My biggest expense (and the one thing that kept me from getting this done months ago) was sourcing the battery. I went with this from the local Batteries + Bulbs outlet.

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It's a group 34/78 (i.e. it has both side AND top terminals) deep cycle AGM, rated at 68ah. That's quite a bit more than my starter battery (also an AGM) which is rated at 55ah. It was very expensive (about $280 OTD) and while I was sorely tempted to go with a cheaper battery just to get this done, I thought, "No, I only want to do this ONCE." The battery fit perfectly in the tray.

On the "starter battery" side instead of using a quick-release (as Jelorian did) to get enough extension to reach the positive side terminal (it's kind of buried in there!) I used a marine terminal on the top terminal of my 34/78 starter battery.

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The reason I went with this was simple: Because I already had the marine terminal adapter. The only 'downside' of this is that I did have to remove the metal rod brace that runs diagonally across the top of the battery (GMT - 800 owners will know what I'm talking about.) I don't really know that the brace is even necessary. If I decide to use an extended side terminal adapter as Jelorian did, I can put the brace back but for now I think this works.

You can also see that I wrapped the positive cable in red wire loom. Not really "needed" as the 2awg wire has a very thick insulator, but I wanted to be able to tell + from - at a glance and since the cables were all black, this was the best way to do it. It also lessens wear and tear on the cable.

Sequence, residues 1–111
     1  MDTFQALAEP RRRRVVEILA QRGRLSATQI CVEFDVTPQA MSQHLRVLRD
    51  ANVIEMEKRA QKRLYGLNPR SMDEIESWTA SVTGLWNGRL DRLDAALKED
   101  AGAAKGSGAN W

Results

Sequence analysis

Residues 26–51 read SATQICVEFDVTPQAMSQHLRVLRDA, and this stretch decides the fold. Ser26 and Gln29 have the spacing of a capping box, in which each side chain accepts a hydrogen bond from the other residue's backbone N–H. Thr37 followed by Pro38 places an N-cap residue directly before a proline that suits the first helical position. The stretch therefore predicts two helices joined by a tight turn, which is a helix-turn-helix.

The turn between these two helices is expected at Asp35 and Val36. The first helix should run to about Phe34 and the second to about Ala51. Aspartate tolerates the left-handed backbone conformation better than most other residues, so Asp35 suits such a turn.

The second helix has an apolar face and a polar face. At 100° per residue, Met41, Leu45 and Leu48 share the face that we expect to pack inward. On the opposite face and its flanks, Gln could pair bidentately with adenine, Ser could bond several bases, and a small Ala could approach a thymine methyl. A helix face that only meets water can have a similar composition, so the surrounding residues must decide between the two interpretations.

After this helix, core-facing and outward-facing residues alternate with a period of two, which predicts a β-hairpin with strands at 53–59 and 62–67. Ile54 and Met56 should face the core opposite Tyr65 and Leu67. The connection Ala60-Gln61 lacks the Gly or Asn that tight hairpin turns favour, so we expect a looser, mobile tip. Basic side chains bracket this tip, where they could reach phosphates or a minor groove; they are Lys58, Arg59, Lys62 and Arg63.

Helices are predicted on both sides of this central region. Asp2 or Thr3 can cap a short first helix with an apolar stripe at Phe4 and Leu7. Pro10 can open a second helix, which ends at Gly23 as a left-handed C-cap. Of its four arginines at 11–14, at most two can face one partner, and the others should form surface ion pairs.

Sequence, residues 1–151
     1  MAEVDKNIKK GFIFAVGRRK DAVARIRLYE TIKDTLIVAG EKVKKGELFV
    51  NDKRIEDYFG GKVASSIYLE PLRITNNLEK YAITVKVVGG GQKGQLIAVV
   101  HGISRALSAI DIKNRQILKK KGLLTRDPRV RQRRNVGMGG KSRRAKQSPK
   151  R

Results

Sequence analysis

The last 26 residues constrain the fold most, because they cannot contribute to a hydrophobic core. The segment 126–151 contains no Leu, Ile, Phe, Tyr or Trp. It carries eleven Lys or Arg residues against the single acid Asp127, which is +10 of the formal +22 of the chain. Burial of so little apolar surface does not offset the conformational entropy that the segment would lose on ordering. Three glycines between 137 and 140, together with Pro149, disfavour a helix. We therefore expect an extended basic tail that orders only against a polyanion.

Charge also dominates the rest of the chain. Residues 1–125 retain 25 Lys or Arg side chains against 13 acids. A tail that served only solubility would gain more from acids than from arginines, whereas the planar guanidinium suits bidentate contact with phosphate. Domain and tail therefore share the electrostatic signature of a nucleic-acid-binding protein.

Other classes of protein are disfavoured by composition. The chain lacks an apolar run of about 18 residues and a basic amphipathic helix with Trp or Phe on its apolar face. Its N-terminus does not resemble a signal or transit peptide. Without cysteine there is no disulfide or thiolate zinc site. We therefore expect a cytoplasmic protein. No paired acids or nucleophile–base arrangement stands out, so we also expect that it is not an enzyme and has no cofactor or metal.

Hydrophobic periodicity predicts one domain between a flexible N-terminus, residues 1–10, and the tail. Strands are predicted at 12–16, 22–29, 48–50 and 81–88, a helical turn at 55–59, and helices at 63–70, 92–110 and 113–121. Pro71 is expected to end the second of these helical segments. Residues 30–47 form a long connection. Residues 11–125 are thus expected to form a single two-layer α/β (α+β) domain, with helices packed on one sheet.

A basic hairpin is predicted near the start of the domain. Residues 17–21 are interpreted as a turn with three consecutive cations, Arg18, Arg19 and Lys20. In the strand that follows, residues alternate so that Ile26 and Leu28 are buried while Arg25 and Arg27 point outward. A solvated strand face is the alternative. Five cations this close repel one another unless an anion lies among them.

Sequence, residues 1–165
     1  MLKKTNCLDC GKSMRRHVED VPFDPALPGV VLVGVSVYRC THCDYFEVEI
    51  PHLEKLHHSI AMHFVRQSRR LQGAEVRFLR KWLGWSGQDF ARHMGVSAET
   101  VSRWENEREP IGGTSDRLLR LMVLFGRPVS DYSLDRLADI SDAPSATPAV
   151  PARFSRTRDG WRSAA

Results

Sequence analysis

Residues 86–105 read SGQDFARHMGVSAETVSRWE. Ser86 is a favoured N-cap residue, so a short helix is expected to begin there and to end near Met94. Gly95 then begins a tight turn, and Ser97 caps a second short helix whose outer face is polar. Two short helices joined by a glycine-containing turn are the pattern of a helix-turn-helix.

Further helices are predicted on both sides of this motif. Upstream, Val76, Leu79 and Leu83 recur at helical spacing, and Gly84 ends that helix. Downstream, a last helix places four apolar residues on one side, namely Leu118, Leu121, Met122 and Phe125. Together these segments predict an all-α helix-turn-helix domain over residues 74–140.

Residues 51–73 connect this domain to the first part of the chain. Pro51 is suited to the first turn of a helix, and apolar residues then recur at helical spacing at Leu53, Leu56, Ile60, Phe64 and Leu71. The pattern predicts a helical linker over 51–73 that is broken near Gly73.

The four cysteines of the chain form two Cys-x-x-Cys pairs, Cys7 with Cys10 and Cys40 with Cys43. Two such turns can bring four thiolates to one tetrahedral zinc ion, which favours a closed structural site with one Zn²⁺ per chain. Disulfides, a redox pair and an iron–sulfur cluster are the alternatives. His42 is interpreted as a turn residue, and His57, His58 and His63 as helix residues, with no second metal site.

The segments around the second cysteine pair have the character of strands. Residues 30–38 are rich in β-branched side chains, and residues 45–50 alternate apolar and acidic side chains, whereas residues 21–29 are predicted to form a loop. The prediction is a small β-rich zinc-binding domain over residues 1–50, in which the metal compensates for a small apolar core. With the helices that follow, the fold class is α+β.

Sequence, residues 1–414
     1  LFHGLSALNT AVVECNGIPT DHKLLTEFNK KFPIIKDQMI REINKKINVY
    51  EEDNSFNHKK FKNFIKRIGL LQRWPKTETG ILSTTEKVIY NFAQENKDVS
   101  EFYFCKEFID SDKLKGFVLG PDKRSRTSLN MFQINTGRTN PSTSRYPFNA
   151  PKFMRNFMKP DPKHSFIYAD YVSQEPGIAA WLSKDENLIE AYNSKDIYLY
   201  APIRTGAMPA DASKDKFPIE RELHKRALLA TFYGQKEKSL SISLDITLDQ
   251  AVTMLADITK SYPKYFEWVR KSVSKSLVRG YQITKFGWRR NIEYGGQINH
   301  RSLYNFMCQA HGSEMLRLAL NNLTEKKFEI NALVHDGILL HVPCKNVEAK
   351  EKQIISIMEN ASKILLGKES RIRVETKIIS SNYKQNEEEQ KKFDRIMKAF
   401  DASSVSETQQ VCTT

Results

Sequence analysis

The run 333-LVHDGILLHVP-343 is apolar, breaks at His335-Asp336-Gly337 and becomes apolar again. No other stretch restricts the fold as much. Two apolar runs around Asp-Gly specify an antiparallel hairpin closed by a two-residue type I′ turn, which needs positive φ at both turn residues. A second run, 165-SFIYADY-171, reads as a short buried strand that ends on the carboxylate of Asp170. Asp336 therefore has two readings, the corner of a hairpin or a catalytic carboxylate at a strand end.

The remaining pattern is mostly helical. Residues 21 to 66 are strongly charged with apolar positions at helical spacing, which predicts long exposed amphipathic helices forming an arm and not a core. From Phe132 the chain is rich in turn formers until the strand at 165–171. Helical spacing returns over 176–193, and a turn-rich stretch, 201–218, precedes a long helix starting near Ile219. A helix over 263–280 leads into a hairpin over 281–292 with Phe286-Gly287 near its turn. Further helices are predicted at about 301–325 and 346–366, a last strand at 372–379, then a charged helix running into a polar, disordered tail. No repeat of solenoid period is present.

Hookups on the "house battery" side. The Stinger has 2 large posts that are for the positive connections to each battery and two small posts. One of the small posts goes to ground and the other goes to a powered circuit, to open and close the switch. It doesn't matter which one of the small terminals is used for ground and which one for the switch, they're interchangeable. In this photo I've connected the + cables but not the - or the switch to the Stinger. As you can see I used the Blue Sea side terminal fuse holder, just like Jelorian. I used 150a fuses on both ends.

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Final setup of the house battery with all wires connected. If I was more picky I might have used black wire for the ground connection and red for the power connection, but I had a bunch of yellow so that's what I used. View attachment 173907

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A few notes about this: I used an extended side terminal bolt on the negative side, that had another bolt on the end of it. Both the negative/ground battery connection and the negative wire to the Stinger are attached to the outer bolt. The negative battery cable is also a 2awg welding cable with a crimp-on ring, the only difference is I wrapped it in black wire loom rather than red. The yellow wire that runs from the negative terminal to the stinger uses ring connectors on both ends. The negative attaches to the small post closest to the front of the vehicle (closest to me in the photo) and the yellow wire that runs from the rear small post on the Stinger is the power wire for the switch that runs to the fuse block.

You can see that I routed the large negative battery cable (black wire loom) underneath the Stinger....

View attachment 173909

...and connected it to the same bolt as the chassis grounding strap behind the engine. The yellow wire is the power wire that goes to the fuse box.

And here's the fuse box (sorry for the fuzzy photo, it was getting dark and my camera was having a hard time focusing.)

View attachment 173910

I used an add-a-circuit and went into the same 10a ignition fuse slot that Jelorian used on his. Wire is routed underneath the fusebox.

After I got everything buttoned up and bolted down, I started the truck. Measured 14.5 volts at the starter battery and about 14.25 at the house battery - I'm assuming that means the system is working as the house battery appears to be receiving a charge?
So do just not use the firewall to fender bracket any longer? I'm finding it won't fit with any battery I can fit on the tray.. itsca heavy bracket I'm sure it's there for a reason.